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As the film points out you couldn't have found two people more different from each other than Mapplethorpe and Wagstaff; the latter was from as aristocratic a family as you can get in America while the former was from a working class neighbourhood in Queens. Wagstaff was from the generation where gay men served as escorts for women who wanted a safe date and were useful when an extra was needed to make up for an odd number of guests at a dinner party. Mapplethorpe was part of the new generation who frequented the bath houses, wore leather, and didn't hide their sexuality. Some of those interviewed for the movie make it clear they felt Mapplethrope was only using Wagstaff for his money and influence in the art world. However, others, like Patti Smith, offer a different perspective.

Smith and Mapplethorpe had set up house together at the Chelsea Hotel in New York City in 1969 and she recalls Mapplethorpe coming home from a party one night all excited about a man he had met, Wagstaff, describing him as everything he ever wanted in a partner. Smith's description of the three of them together belies any of the more catty comments made by others, Though there is no doubt in anybody's mind that Mapplethorpe would never have had the meteoric success he enjoyed without Wagstaff's support, no matter what anybody might have thought of his subject matter, they were all in agreement there was no doubting Mapplethrope's talent. Wagstaff may have given him a leg up, but if he hadn't had the spark of creative genius somewhere inside of him he'd have never been able to establish himself as one of the pre-eminent photographers of his time.

While Wagstaff had never been short of money, it was only in 1973 with the death of his mother that he inherited sufficient to be considered truly wealthy. It was at this time he began his obsessive collecting of photographs, a collection he was later to sell to the Getty Museum for millions of dollars. Smith describes the three of them going out hunting for photographs and how Wagstaff would literally fill brown paper shopping bags with them. As his collecting grew more refined he started attending auctions in both New York and London, buying anything from job lots to single rarities. There doesn't seem to be any discernible pattern to his purchases as he would buy everything from portraits and landscapes, to photographs of those suffering from medical abnormalities.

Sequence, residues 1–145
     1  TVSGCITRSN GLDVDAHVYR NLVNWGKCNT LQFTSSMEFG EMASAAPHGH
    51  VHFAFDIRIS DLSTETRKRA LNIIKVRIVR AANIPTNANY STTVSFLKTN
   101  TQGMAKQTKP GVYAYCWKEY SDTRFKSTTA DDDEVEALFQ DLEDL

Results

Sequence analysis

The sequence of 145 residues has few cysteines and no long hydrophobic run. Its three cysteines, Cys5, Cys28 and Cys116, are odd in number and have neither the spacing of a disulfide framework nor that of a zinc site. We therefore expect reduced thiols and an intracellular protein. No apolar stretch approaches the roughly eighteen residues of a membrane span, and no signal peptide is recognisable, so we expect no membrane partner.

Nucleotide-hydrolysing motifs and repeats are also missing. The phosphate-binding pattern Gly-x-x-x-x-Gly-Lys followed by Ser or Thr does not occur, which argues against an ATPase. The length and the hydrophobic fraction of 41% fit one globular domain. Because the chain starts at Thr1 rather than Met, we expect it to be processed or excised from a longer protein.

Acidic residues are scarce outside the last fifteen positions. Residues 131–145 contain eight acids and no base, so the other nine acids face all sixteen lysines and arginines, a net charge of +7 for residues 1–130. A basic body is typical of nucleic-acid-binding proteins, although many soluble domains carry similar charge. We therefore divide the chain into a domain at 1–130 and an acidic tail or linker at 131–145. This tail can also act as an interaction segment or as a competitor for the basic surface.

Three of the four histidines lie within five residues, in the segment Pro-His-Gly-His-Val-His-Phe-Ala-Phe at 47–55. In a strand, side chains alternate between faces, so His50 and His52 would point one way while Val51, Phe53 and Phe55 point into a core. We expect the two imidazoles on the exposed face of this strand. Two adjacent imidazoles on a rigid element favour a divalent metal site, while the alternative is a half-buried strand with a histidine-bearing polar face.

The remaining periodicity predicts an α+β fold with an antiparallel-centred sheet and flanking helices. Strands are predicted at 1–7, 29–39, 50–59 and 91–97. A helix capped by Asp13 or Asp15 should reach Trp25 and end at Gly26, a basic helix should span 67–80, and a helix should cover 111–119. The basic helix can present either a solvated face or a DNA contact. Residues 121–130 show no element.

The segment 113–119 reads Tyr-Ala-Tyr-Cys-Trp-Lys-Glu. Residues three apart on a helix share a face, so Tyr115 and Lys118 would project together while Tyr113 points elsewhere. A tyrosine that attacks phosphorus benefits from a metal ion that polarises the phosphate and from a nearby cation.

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In the special feature included with film, a speech Wagstaff gave at a symposium on art at the Corcoran Museum, he talks about how being from the world of sculpture and paintings he had never considered photography to be in the same league artistically. However when you think about the technology involved with early photography - people having to hold poses for a period of time to allow the image to be etched onto a plate - and you look at some of the subject matter of the items he collected, you realize they were as carefully composed as any painting.

There's one shot in particular that brings that point home, an image of a group of young men gathered around a dock at various stages of going into and coming out of the water. If it had been taken recently we would have just considered it a candid snapshot that anybody could have taken. However, because of the time period it meant that each individual had to be carefully positioned and posed by the photographer to achieve the effect he was after. Art is about intent as much as anything else, and what Wagstaff was able to show with images like this one was the intent to create is just as viable in photography as in any other form of the visual arts.